Jonathan Harris as Dr. Zachary Smith, the villain on Lost in Space.

The ship goes off course for two reasons. First, Dr. Smith reprograms the Jupiter 2 so it’s critical systems will be destroyed eight hours after the ship is launched. Second, Dr. Smith is accidentally trapped on board (No one said he was a good spy!) and his additional weight, in addition to the weight of his robot, an extra 200 pounds, throws the sensitive timing of the ship off course just enough to send it into a meteor storm. Finally, the robot goes on a rampage and the Robinson family is now hopelessly lost in space.

“Danger, Danger Will Robinson!”

I had to find a way to fit that quote into the post. It’s one of my favorites. I still use it. In fact, I used it often when teaching my five children how to drive, and when I used that line my children would look at me as if to say, “What on earth is she talking about?” but adults my age know (especially if they are teaching their children how to drive!) This is the phrase the robot uses when talking to young Will, warning him that Dr. Smith is creating even more chaos to place Will and his family in danger. He would also say “That does not compute,” a phrase my siblings and I often used on my poor mother.

robot and Will

 Robot and Will. The Robot often warns Will that he is in danger from Dr. Smith by shouting “Danger, danger, Will Robinson!” One of my all-time favorite lines from a television show.

Dr. Smith’s role in this show is to place the Robinsons in danger. In fact, that’s pretty much all he does, which would seem to be rather boring for a man of his superior intelligence, but remember, he is a villain, and he enjoys what he does! In the later shows Dr. Smith’s villainous is less, um, villainy, but in the beginning he is one of the most dangerous men the Robinson family has ever encountered.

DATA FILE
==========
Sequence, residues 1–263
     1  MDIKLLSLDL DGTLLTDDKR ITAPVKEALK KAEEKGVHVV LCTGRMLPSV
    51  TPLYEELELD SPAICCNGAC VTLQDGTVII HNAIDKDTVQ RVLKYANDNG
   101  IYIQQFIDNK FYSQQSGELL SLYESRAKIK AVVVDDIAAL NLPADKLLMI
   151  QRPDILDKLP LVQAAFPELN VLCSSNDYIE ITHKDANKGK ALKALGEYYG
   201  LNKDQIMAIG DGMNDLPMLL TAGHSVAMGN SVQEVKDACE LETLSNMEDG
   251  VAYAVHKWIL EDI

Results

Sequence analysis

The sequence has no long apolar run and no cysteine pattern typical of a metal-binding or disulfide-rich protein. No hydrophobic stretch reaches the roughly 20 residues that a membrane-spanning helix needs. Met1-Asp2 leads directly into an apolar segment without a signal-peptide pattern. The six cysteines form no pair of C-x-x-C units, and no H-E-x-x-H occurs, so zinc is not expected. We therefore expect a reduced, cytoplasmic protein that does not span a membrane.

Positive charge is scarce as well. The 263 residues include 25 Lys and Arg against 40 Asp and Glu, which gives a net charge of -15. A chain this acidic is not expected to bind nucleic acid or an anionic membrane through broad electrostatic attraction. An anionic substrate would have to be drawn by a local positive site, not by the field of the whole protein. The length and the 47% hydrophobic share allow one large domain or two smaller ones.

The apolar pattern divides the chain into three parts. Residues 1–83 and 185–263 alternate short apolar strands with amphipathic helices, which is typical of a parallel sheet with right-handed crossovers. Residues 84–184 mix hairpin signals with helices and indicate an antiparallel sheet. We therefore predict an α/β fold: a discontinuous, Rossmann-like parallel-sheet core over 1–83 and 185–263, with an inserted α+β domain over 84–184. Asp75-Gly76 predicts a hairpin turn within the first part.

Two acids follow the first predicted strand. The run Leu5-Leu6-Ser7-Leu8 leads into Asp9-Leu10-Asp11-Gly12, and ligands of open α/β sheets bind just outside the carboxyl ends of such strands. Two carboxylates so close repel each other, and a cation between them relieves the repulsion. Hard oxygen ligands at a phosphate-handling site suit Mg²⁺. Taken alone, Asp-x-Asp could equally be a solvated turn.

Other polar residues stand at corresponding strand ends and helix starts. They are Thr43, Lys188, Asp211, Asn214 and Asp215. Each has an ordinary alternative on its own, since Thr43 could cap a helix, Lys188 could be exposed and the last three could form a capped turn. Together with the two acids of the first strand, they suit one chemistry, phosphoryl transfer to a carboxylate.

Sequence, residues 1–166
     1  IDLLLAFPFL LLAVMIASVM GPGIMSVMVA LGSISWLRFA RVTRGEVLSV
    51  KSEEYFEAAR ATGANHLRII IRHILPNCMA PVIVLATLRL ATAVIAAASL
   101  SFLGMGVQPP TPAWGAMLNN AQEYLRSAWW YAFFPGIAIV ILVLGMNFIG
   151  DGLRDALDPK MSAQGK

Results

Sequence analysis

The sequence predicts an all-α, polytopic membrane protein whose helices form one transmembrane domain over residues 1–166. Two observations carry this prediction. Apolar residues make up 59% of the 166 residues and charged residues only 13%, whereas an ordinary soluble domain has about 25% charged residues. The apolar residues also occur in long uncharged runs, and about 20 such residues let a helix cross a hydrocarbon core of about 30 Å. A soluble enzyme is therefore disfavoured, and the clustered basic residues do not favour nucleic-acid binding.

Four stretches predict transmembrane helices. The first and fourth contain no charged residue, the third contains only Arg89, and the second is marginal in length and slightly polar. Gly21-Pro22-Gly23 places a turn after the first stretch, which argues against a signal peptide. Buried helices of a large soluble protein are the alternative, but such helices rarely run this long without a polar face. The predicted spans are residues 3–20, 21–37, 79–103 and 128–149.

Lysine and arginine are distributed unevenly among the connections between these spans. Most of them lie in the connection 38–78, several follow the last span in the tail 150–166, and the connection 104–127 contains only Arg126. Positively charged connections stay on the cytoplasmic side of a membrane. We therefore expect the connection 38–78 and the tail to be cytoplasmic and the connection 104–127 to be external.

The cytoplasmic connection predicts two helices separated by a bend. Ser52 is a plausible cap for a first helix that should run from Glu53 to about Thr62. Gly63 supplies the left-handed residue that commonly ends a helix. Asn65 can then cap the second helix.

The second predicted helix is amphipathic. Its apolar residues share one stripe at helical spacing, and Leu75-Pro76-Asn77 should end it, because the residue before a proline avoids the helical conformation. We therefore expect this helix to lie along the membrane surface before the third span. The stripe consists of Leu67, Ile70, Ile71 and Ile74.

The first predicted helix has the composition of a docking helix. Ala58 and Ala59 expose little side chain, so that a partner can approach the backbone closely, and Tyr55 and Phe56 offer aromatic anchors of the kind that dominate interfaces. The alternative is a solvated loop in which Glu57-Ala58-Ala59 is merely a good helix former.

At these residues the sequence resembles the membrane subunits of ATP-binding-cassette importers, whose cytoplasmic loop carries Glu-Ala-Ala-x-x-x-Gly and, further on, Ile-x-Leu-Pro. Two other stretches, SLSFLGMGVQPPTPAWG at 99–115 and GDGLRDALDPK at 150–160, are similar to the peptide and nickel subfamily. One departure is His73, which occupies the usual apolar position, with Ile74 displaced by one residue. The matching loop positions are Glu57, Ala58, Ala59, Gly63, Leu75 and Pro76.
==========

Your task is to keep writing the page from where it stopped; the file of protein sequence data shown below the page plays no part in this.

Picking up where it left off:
An Uncharacteristic act of Compassion

There is one moment in the show’s run where Dr. Smith displays a surprising amount of compassion. In the episode “The Time Merchant,” which aired on January 17, 1968, the last year of the show’s run, Dr. Smith finds a way to travel back in time to the day the ship is first launched, hoping to change his personal history by escaping from the ship before blast off.


The evil Dr. Zachary Smith played by Jonathan Harris, spends pretty much all of his time devising ways to place the Robinson family in peril, but his devious plans are always thwarted. In one episode, however, “The Time Merchant,” Smith actually stops himself from harming the Robinson family.